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N Cal Attorney
N Cal Attorney, Lawyer
Category: Criminal Law
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Experience:  Since 1983
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This is predominantly for Japanese law experts - is there a

Resolved Question:

This is predominantly for Japanese law experts - is there a concept of self-defence in Japan civil society? I have read conflicting reports based on cultural norms such as conformity and general passiveness that this doesn't exist.
Submitted: 7 years ago.
Category: Criminal Law
Expert:  N Cal Attorney replied 7 years ago.
My answer is Yes, Japanese law recognizes a right of self defense, which is stated in the Japanese Penal Code, Article 36 posted at

PENAL CODE (Act No.45 of 1907)
Article 36. (Self-Defense)
(1) An act unavoidably performed to protect the rights of oneself or any other person
against imminent and unlawful infringement is not punishable.
(2) An act exceeding the limits of self-defense may lead to the punishment being
reduced or may exculpate the offender in light of the circumstances.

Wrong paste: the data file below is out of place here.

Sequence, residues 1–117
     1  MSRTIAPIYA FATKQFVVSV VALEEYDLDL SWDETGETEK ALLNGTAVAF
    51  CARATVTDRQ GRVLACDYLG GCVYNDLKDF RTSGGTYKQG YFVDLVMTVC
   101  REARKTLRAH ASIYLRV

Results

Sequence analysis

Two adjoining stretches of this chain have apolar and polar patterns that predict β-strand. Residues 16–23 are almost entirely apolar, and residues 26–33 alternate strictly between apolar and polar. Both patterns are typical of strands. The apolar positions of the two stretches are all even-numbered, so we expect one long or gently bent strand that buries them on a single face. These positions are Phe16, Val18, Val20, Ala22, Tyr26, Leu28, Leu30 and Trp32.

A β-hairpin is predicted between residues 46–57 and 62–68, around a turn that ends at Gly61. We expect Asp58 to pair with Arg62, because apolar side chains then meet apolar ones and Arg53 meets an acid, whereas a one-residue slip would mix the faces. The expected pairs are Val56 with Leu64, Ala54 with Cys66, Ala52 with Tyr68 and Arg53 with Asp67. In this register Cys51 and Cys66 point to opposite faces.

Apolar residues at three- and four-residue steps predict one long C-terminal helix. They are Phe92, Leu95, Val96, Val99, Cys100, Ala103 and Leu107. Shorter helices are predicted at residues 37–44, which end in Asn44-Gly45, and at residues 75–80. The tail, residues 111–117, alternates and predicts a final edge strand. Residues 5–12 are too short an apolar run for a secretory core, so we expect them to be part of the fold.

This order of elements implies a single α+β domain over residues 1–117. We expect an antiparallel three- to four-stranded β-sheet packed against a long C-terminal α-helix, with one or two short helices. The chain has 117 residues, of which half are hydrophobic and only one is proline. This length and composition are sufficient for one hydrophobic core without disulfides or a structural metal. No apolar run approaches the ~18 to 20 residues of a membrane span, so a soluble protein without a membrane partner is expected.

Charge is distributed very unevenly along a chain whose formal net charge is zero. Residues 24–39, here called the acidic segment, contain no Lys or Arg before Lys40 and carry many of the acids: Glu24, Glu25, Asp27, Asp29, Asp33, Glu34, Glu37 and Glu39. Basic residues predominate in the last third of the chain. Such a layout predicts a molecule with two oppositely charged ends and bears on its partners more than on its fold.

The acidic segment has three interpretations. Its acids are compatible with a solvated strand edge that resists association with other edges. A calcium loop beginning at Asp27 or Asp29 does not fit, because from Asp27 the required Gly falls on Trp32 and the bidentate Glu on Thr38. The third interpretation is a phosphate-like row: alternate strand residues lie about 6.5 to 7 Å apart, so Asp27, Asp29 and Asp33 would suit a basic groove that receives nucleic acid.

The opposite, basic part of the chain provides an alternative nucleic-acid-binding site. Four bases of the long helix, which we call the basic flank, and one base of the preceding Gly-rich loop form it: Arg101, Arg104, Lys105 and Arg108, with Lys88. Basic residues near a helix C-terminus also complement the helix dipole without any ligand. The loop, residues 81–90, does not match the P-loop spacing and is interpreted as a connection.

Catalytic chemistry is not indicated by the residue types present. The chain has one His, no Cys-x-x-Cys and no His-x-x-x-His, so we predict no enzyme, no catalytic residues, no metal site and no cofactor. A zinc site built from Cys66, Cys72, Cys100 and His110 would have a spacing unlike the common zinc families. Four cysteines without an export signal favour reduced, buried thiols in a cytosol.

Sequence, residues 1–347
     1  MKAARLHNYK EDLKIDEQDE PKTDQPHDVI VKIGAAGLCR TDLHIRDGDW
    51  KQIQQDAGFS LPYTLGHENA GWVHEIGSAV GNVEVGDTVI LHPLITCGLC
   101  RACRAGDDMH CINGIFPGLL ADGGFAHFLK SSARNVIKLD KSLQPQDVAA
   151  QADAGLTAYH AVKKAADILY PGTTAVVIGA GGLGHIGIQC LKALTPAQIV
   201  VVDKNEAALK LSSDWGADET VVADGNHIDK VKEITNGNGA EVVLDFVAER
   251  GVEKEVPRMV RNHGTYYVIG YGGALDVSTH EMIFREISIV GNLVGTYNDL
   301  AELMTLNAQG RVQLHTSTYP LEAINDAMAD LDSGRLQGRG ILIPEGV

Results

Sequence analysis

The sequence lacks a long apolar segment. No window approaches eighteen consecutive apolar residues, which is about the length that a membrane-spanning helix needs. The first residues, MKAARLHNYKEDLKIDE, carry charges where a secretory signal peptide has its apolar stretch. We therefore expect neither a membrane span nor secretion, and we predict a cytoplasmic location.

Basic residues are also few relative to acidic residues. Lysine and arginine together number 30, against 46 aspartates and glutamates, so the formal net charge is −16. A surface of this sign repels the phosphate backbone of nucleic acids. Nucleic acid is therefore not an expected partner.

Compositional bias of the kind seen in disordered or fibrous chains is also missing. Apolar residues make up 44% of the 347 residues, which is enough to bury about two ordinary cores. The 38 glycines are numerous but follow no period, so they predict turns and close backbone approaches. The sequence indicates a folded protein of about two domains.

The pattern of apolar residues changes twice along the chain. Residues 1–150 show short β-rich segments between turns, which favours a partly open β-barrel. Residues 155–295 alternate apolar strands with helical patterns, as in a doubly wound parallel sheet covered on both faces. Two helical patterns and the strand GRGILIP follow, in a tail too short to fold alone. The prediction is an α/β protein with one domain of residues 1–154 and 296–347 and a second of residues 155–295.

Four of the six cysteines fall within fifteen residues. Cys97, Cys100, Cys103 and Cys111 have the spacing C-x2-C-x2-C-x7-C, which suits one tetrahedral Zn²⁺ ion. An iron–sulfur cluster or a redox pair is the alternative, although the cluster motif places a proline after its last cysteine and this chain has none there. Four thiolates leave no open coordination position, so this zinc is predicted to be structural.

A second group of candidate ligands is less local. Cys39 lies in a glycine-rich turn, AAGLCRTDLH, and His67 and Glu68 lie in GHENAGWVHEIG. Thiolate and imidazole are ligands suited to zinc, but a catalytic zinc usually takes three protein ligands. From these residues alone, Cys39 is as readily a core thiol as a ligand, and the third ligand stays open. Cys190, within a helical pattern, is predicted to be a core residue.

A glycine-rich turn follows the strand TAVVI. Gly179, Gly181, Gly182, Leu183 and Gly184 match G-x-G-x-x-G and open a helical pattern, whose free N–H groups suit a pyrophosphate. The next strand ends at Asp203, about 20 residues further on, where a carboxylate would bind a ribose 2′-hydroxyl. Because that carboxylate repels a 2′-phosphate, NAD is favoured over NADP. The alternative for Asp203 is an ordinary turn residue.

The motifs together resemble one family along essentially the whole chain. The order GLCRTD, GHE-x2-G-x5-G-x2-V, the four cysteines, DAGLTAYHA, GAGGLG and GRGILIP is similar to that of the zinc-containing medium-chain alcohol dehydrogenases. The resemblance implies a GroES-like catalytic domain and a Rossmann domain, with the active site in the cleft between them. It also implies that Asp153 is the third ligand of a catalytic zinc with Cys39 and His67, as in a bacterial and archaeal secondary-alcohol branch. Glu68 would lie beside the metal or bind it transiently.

I hope this information is helpful.
Customer: replied 7 years ago.

I see. My friend self-defended herself from an attack from her spouse. They are involved in a money dispute and are foced into mediation to seek a compromise. I am sceptical about the weaknesses imposed in mediation particularly in those instances encouraging parties to settle their disputes together. What are your thoughts?


Expert:  N Cal Attorney replied 7 years ago.
I feel that a mediated negotiated resolution is almost always preferable than having a stranger in a black robe decide your future. If they cannot work out an agreement in mediation, the a judge can decide the issues.

I feel a negotiated resolution is better than a coercive resolution. If she feels intimidated, she can bring her attorney to the mediation sessions.
Customer: replied 7 years ago.
Hello, but should she be forced to go to mediation against her will? Be forced to settle? What are the potential pitfalls she is liekly to face - the court system already pits her as an adversary against her husband - the mediation may sound like its levelling the play field but the court already has broad powers to refer parties to mediation without their consent?
Expert:  N Cal Attorney replied 7 years ago.
The court can order parties to mediation but cannot force them to reach an agreement. If mediation is not successful, the case goes back to court.
N Cal Attorney and other Criminal Law Specialists are ready to help you
Expert:  N Cal Attorney replied 7 years ago.
Thank you for accepting my answer.